I learned the story of Moses Smith at Marina’s salon, some weeks after Victor and his friends started MySky. Moses was a San Francisco legend, like the Emperor Norton, only blind instead of mad, and still rich. Moses was working at the Cambridge firm of Bolt Beranek and Newman in the late 1960s, when they won a government contract to construct a computer network which would stand a chance of surviving a nuclear war. The network was the ARPANET, which was, as you probably know already, the parent and precursor of the Internet.
It isn’t clear what part, if any, Moses played in the ARPANET’s development. Ted believed that he came up with the idea of packet switching, i.e., the decomposition of messages into little pieces or ‘packets’ which are passed by various routes across a network, and reassembled at their destination.
Moses was drinking in a Cambridge bar, Ted said, when someone told the old story about the blind man and the elephant. Moses was pissed off—why did blind men always get the short end of the stick, or elephant, or whatever?—and he set out to prove that the blind men knew the elephant better than the seeing guy did. He came up with a scenario in which the seeing guy, on his way to tell someone about the elephant, is hit by a truck. Splat. A few minutes later, one of the blind men is crossing the same street, and the same truck, going in reverse now, runs him over. The rest of the blind men have meanwhile gone home by different routes, as blind men will, so they live to tell the story of the elephant to anyone who will listen. Distributed knowledge is robust. In this way packet-switching was born.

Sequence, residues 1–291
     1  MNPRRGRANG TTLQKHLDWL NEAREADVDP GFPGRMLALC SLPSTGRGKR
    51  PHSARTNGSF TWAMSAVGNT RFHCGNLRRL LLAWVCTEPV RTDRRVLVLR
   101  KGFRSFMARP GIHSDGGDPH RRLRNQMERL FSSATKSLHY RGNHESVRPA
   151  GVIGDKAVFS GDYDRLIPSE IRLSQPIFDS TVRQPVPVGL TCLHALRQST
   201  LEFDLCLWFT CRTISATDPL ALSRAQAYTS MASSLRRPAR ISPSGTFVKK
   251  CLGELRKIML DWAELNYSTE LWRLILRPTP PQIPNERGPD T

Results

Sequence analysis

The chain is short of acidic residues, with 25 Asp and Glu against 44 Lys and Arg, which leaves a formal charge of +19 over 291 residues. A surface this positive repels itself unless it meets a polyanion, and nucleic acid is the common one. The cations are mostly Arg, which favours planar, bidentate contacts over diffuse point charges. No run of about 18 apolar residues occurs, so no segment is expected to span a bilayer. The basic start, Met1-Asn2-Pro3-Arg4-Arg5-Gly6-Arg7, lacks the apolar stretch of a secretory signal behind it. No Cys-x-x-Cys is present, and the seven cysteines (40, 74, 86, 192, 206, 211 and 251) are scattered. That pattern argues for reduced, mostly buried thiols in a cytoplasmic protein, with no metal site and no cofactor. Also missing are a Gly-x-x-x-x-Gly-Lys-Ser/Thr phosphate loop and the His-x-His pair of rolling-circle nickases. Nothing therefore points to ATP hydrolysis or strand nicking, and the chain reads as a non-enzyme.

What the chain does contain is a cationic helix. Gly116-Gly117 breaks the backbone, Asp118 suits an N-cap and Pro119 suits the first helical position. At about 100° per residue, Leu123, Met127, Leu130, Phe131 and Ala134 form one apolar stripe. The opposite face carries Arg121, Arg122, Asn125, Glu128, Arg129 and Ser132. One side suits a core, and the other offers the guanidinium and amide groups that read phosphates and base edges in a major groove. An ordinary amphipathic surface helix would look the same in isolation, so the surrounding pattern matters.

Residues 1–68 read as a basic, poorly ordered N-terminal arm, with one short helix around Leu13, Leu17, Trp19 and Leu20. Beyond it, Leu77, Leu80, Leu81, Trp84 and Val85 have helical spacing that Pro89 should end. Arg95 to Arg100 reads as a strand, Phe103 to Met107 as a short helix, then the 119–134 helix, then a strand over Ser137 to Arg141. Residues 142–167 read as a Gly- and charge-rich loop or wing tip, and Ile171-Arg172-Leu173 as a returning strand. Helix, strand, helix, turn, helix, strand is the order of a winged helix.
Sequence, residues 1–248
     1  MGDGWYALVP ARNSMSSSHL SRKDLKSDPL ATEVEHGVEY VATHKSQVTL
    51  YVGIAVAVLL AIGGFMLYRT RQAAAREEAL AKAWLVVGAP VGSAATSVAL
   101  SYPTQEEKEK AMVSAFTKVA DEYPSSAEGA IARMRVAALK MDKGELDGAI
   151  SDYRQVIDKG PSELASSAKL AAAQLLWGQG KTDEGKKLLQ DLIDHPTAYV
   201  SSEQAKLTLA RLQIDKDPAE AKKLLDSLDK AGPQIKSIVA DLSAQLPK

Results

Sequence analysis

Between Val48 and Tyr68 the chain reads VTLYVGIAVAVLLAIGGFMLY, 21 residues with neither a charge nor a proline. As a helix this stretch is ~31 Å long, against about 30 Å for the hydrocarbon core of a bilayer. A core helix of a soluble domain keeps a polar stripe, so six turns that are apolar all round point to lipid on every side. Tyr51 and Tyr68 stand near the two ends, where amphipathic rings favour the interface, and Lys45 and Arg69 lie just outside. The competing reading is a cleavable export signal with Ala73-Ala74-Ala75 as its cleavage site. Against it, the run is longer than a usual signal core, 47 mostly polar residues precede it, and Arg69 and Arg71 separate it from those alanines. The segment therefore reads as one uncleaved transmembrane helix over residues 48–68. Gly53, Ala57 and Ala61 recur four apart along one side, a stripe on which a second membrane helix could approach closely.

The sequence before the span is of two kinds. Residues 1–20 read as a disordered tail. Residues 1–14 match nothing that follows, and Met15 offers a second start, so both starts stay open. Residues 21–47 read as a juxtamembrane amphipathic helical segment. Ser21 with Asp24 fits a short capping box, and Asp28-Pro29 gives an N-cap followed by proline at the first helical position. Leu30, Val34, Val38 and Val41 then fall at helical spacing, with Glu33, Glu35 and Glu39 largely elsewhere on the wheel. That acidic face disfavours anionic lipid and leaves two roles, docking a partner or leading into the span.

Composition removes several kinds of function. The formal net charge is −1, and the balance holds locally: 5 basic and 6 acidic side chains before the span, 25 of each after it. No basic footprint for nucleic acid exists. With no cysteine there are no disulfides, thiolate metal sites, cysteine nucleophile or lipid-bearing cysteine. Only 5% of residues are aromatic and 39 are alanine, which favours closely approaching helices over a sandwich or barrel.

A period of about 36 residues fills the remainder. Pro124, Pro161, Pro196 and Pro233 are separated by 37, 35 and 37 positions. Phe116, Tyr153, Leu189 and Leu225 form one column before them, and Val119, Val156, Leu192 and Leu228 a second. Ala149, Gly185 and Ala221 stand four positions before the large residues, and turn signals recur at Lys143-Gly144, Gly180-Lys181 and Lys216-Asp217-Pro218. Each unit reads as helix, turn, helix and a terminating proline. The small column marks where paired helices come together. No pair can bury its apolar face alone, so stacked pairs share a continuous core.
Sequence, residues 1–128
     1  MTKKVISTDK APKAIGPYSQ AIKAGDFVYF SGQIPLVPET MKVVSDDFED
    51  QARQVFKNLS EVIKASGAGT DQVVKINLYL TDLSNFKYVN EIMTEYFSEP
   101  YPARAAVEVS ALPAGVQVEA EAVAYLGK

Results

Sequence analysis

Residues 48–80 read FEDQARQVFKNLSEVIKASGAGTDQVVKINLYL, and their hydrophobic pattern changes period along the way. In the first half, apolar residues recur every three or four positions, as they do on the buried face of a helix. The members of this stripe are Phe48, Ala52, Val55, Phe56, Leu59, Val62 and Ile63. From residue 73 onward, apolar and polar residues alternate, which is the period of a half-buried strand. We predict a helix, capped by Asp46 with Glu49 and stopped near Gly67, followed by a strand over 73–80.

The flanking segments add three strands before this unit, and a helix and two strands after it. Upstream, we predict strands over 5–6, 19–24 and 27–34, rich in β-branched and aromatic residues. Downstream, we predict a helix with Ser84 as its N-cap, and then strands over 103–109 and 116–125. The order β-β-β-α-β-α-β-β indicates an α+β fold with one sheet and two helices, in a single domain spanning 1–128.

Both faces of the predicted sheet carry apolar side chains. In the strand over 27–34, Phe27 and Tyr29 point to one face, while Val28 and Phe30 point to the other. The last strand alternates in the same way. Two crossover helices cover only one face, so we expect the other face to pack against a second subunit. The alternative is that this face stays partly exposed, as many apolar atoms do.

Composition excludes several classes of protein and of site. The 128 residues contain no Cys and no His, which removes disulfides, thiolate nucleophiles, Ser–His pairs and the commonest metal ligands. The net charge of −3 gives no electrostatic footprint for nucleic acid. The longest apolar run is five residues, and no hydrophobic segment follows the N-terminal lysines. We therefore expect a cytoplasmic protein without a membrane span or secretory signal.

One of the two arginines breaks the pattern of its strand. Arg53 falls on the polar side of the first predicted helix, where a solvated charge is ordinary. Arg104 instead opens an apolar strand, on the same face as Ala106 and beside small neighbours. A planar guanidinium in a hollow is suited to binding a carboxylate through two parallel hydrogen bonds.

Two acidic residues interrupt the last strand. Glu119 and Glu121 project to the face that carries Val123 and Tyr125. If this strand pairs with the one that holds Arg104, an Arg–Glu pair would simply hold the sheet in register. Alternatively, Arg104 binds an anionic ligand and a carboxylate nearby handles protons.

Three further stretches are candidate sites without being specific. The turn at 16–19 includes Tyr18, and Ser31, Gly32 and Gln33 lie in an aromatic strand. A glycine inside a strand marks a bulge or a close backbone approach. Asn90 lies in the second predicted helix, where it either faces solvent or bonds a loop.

But Ted’s information was unreliable.
Anyway, he went on, the network changed Moses. He came to believe in the distribution of knowledge not only in computer networks, but in all modes of existence. This belief, as Ted explained it, had two components: on the one hand a reluctance to tell anyone the whole story about anything, and, on the other, a belief that groups of people functioned as packet-switched networks, in which a single message, unknown in its totality to any member of the group, was distributed. In Moses’s view, the whole world was a network, and there was a message, or messages, passing through it, which had been broken into human-sized packets, to ensure the message’s survivability, in case parts of the human race should be destroyed.
In the grip of this belief, and, it was rumored, also under the influence of LSD, Moses authored an infamous paper on extra-network routing, in the wake of which he lost his security clearance and with it his position at B B and N. But he did not give his idea up.
With money made in computer stocks, he funded airline-reservation agencies, credit-record aggregators, data-mining firms, genetic-sequencing laboratories, anything that would help him to test this hypothesis, that human beings not only were, but meant, if only you had the technology to read them.
It was beyond paranoia, almost to the point of being religion, and it transformed Moses from a strange but harmless engineer into something more like the dark spider of venture capital. If you took his money, Ted said, you were building a web with a center, and at the center of the web: Moses Smith.
I told Ted how Victor and I had met him, and how Victor was now—I guessed—involved with him somehow.
Ted grimaced. “Do you know what he makes you sign? It’s not just a non-disclosure agreement. It’s a non-disclosure of non-disclosure agreement. Which means that, not only can’t you talk about what you’re doing, you can’t talk about the fact that you can’t talk about it. Wrap your head around that.”
“How do you know? I mean, if one of the conditions of signing one of these things is that you can’t admit to signing it?” Ted looked at me pityingly. “Not everybody signs.”
The next time I saw Victor, I told him what Ted had said. Moses Smith was bad news. “Didn’t you have to sign a non-disclosure of non-disclosure agreement?”
Victor laughed. “You are fussy like an old woman. Besides, your information is wrong. I did not sign this document. Just a regular agreement. Also, MySky is not competing with the Internet.” He beamed with secret knowledge. “You will see,” he said. “Just wait.”